No wins, but a great year for Burton By Marty Smith When reflecting on Ward Burton's 1999 NASCAR Winston Cup Series season, several words and phrases come to mind: breakthrough, on the verge, runner-up and challenger among them. And, while...
No wins, but a great year for Burton By Marty Smith
When reflecting on Ward Burton's 1999 NASCAR Winston Cup Series season, several words and phrases come to mind: breakthrough, on the verge, runner-up and challenger among them. And, while those descriptions are accurate, the one that best pinpoints the No. 22 Caterpillar Pontiac driver in 1999 is bit more drastic.
Burton, who for the past four years has been direly inconsistent, finally found the consistency necessary to compete at racing's highest level.
"The team did a fabulous job of working together all year," Burton said. "We kept digging and pulling together and we never gave up. We've got a lot to be proud of."
That they do. Burton and crew chief Tommy Baldwin hooked up at midseason in 1998, and have since formed one of the most competitive teams in the entire NASCAR Winston Cup Series. This year, Burton rolled up six top-5s and 16 top-10s -- both career highs -- earning him his first finish in the top-10 in the points championship race. The No. 22 team was the only single-car operation to achieve the feat this year.
"We're a single-car team and we finished in the top-10 in point standings, so we're real excited about next year," he said.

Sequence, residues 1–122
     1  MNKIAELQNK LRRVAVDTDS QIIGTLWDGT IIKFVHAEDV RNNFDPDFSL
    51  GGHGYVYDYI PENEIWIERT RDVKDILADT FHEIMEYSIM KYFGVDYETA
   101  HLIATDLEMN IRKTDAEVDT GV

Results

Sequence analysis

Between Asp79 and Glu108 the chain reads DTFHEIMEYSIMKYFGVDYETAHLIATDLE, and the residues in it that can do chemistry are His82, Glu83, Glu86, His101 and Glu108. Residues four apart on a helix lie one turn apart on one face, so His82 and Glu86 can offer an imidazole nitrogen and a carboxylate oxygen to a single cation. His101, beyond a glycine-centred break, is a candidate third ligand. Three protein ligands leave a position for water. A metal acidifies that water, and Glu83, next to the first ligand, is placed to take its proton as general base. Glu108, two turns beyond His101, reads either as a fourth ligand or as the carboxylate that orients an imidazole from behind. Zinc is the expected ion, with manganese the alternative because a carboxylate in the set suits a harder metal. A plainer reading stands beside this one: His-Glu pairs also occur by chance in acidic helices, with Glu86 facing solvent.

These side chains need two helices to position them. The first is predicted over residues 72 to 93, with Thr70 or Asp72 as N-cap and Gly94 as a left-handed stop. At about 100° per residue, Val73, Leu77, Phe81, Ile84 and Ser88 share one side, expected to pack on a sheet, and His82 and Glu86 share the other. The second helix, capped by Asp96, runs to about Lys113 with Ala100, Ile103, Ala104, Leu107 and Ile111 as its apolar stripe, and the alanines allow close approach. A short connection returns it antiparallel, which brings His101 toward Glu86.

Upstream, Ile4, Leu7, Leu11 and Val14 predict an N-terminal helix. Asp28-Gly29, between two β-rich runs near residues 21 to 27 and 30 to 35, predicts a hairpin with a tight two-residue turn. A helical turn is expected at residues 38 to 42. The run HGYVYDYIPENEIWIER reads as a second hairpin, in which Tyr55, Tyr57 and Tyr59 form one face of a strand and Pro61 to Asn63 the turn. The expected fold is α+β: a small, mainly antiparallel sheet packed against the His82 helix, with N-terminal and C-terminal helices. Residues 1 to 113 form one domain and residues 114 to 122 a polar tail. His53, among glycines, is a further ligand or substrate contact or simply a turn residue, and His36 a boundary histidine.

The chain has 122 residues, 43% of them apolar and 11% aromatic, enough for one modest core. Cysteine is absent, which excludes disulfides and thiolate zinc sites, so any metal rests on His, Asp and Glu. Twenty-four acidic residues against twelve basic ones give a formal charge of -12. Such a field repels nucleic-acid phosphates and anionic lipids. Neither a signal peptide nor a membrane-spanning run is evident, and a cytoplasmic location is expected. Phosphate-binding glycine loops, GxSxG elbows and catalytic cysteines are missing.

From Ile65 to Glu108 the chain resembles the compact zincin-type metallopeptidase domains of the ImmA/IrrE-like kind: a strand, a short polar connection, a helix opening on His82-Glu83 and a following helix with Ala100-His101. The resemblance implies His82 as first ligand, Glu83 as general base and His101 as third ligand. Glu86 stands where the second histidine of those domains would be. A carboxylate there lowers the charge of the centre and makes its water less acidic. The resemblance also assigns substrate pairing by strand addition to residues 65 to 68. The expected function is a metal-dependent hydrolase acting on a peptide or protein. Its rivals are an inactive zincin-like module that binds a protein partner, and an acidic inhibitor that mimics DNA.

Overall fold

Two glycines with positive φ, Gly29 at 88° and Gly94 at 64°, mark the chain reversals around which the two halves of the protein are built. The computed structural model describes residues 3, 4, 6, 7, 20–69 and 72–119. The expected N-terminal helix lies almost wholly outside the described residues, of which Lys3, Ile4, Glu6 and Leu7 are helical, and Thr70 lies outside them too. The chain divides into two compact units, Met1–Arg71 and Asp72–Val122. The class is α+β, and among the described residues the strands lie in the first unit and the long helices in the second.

Although Burton has enjoyed a career year, he failed to win a race, stretching his drought to more than four seasons. Even so, the No. 22 team refuses to rate its season by that measure.
"We've established ourselves as racing to our potential week in and week out," said team owner Bill Davis last month. "Mark Martin taught me this a long time ago -- you've got to be in the top-5 week after week and when it's your day, it's your day. We're just ready for it to be our day."
The defining statistic of Burton's season is not top-5s or top-10s, but runner-up finishes. Three times in 1999 he finished second, all to his brother Jeff -- first at Las Vegas, then at Darlington, then at Rockingham. Needless to say, playing second fiddle his younger brother doesn't exactly excite the Virginia native.
"I'm basically mad as hell really," said Burton following his second-place run in the Pop Secret 400 at North Carolina Speedway last month. "I don't know where the anger is directed at, it's just circumstances. A lot of people have been trying to get me to say or feel that we will not have had a winning season had we not won a race and I can't say that."
Nope. He really can't say that. Burton has by all counts posted his finest season to date. In 1995, he won at Rockingham -- his only career victory -- but posted three top-5s and six top-10s. In '96, his performance fell off drastically, as he failed to post a top-5 and had just four top-10s. In '97, he failed again to reach the top-5, but did finish in the top-10 seven times.
Last season, he finished second in the UAW-GM Quality 500 at Charlotte for his lone top-5, but had five top-10s as well. This year, just eight drivers had more top-5s than did Burton. Also, prior to this season, he'd never finished higher than 16th in the series point standings, and had never won more than $1.5 million. This season, he fattened his pockets considerably, bringing home a career-high total of $2,115, 824.
"We're really excited about next year," Burton said. "We've got some areas to work on, there's no question about that. We've just got to keep on digging."